Tuesday, 4 September 2012

She Plays

The Fringe has barely finished - well, I am still licking my wounds from it and hoping that I don't get ill after a month of sleeping on floors and eating on the run - and the Autumn seasons are starting up. There's even a few themes emerging, to give me a chance to create another idiosyncratic top five...

The strength of women is an oft-recorded part of recent Scottish history, at least as far as the theatre remembers it. The Steamie emphasised the importance of women's work in Glasgow in the 1950s, and two plays in Dundee celebrate the role of women in difficult times.

She-Town pretty much lays it all out in the title. An ambitious project from Dundee Rep, adding a cast of community performers alongside their core actors, it goes back to the depressed 1930s and highlights how women kept the city running. Starring Barbara Rafferty - best known for her TV work in Rab C Nesbit but has been a sparkling Scottish stage presence over the past decade - and a very large cast of women, Sharman MacDonald's new play is supported by a new Creative Scotland fund.

First in a Lifetime is designed to make work that opens up creativity to new people: this time, it has enabled community performers to appear in a professional production. Given that She-Town is all about  community, it's appropriate that this fund is supporting it.

12 - 29 September @ Dundee Rep

It's a bit cheeky to include Stellar Quines in my rundown of "theatre about women" - their remit has always been supportive to female artists. However, they have teamed up with Greyscale to run a tour by one of the world's oldest "new writers": Sylvia Dow is 73, and this is her first play.

A rehearsed reading last year revealed Dow's sensibility echoes the absurdism of Beckett, but with an added compassion and strong sense of contemporary anguish: while the early absurdist theatre entertained through a combination of lurking fear and the pointlessness of life, Dow pitches the horror of a relationship going nowhere, caught in the cycles of repressed hopes and polite reconciliations. It fits into both the Traverse's New Writing remit and the programming of Andy Arnold at the Tron (he loves a nice bit of absurdism), and Dow becomes an interesting take on the entire idea of "the young writer".

5- 8 September @ The Tron
18- 19 September at the Traverse

It's rare that I get out to the Brunton Theatre - although when I do, I get to go for a paddle in the sea and have an ice-cream from the lovely shop just across the road. The Brunton does have a programme that operates independently from the theatres in Edinburgh, featuring plenty of touring companies up from England.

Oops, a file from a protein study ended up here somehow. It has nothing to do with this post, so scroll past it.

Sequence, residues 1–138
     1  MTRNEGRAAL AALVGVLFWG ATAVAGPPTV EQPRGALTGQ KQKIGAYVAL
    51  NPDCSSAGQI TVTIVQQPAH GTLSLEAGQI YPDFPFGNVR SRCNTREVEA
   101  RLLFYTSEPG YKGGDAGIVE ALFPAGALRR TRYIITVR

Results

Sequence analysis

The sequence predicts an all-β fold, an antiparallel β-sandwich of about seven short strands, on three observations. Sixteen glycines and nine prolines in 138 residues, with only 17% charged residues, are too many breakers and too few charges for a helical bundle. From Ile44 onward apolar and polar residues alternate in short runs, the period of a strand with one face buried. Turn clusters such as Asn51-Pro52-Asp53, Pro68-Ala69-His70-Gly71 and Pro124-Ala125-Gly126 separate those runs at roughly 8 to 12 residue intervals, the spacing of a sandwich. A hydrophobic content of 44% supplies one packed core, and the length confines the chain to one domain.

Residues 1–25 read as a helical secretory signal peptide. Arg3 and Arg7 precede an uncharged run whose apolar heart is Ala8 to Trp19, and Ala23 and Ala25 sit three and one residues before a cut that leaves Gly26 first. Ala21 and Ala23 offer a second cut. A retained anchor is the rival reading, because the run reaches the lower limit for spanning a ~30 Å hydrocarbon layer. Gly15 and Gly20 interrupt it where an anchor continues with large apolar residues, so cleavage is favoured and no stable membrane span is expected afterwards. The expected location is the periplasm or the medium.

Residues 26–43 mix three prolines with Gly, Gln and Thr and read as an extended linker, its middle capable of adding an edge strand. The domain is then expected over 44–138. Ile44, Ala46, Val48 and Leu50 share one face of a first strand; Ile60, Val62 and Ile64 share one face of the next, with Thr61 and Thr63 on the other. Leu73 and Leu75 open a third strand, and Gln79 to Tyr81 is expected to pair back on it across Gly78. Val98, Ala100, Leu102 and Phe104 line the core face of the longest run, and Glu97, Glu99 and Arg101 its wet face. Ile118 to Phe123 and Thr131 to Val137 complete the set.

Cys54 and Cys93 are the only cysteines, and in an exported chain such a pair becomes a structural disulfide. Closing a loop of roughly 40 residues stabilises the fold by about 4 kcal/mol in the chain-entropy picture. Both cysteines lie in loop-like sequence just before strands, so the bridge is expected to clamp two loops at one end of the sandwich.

Miriam Margoyles whetted my appetite for Dickens' Women at the Fringe, and the Brunton has followed up with Miss Havisham's Expectations. A one-woman show starring Linda Marlow (she once did Berkoff's Women, so will be familiar with the bloody end of female fictional characters), it takes up the story of Great Expectations and confronts the venerable Victorian author with the truth about the woman he trapped inside a moment.

Using biographical details from Dickens' life alongside the famous novel, Di Sherlock's script takes the writer to task for playing God with characters that he does not understand: and while adaptations can be a lazy way to make theatre, Miss Havisham's Great Expectations ignores the conventional period drama cliches and recontextualises one of fiction's great, lost tragic heroines.

Saturday 15 September @ Brunton Theatre

Next up, The Guid Sisters: I have talked about this already, but it is a bold start to the new season at the Lyceum. The NTS are involved, too, and it is one of the rare times that a piece starts at the Lyceum and doesn't force me to travel to Edinburgh to see it: it is coming to the King's, Glasgow, in October.

21 September - 13 October @ The Lyceum
23 - 27 October @ The King's, Glasgow 

Towards the end of next month, another project led by Cora Bissett (after Whatever Gets You Through the Night and Roadkill, she is becoming a force in Scottish production, even before looking at her acting) reveals a hidden history. The Glasgow Girls were seven young women who stood up for the rights of asylum seekers - a tough, political story that is perfect for a musical adaptation.

A script from David Greig and original songs from Bissett, MC Soom T and John Kielty (who has been perfecting the punk musical during the Fringe), the musical is no schmaltzy song-fest, but a celebration of the Glasgow that longs to find the true meaning of inclusion and multiculturalism. The NTS are involved again - the energy and imagination of the nation's big company is looking undiminished as it heads towards its eighth year - and both Bissett and Greig have reputations as hard-hitters.

31 October - 17 November @ The Citizens 

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